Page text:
The Wellcome Global Monitor: Mental Health, the world’s largest survey of how people consider and cope with anxiety and depression, displays this dichotomy on a wider scale. The study polled over 119,000 people in 113 countries and explored the perceived role of science in finding new solutions.

Its findings point to a global understanding of the role of mental health in well-being, with 92% of the public across countries stating that mental health was as important or more important than physical health across all countries.

But, also a potential impediment to progress, the study reveals another valuable detail: people see science as more relevant to explaining how the human body works (46% saying “a lot”) than how feelings and emotions work (27% saying “a lot”). In line with this view, the public also said that science could treat infectious diseases or cancer (53% and 49% saying “a lot”), but may be less effective against anxiety or depression (31% saying “a lot”).

Mental illness is no longer as stigmatizing in India
Mental illness is no longer as stigmatizing in India. Image: LiveLoveLaugh

From an India-specific standpoint, Wellcome’s study found that public attitudes to mental health in India are positive. In fact, the India sample showed one of the most open views of mental health, with 42% stating that they would feel very comfortable talking to someone locally about anxiety and depression, more than double the rest of the world’s rate of 19%. The Indian segment of the study also reflected the global view of the role of science in mental health, noting science’s ability to explain mental illness but perhaps not treat it.

Both studies suggest India is waking up to the reality and consequences of mental health while responding with openness and acceptance, pointing to the impact of education and access. However, this attitude needs support at a systemic level.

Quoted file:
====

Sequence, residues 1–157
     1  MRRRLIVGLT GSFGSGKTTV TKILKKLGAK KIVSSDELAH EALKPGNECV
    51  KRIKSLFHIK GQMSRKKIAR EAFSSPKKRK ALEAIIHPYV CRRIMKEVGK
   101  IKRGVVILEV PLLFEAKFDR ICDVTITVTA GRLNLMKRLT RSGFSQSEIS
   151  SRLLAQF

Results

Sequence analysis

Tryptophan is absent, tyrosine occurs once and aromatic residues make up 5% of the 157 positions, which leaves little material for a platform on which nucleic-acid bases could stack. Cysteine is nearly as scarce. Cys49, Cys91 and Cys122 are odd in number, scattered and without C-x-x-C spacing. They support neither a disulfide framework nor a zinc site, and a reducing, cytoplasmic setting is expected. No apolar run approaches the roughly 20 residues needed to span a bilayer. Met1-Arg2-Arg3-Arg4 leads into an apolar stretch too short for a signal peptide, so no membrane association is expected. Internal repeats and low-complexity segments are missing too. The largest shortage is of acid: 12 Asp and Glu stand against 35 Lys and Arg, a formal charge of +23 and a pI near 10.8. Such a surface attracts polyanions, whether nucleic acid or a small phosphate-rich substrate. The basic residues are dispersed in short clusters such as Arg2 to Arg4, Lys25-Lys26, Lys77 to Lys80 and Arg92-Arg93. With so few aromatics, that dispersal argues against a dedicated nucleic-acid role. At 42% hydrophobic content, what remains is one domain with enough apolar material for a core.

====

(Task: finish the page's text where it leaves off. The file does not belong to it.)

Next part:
With science, for instance, we must make progress not just in finding new information, but also in communicating this understanding to a wide range of audiences. In addition, policy-makers, service providers and educators alike must create robust systems that address the country's severely underserved mental health needs. These frameworks must also account for individual differences; from the cellular to the societal level, people need personalization at every level and the autonomy to manage their mental health.

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The solution is complex, and any intervention at scale will be a massive undertaking, but we must stay strong and do what we can to move forward, one step at a time. Optimism is a great start.

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The views expressed in this article are those of the author alone and not the World Economic Forum.

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Mental HealthIndiaGlobal HealthHealth and Healthcare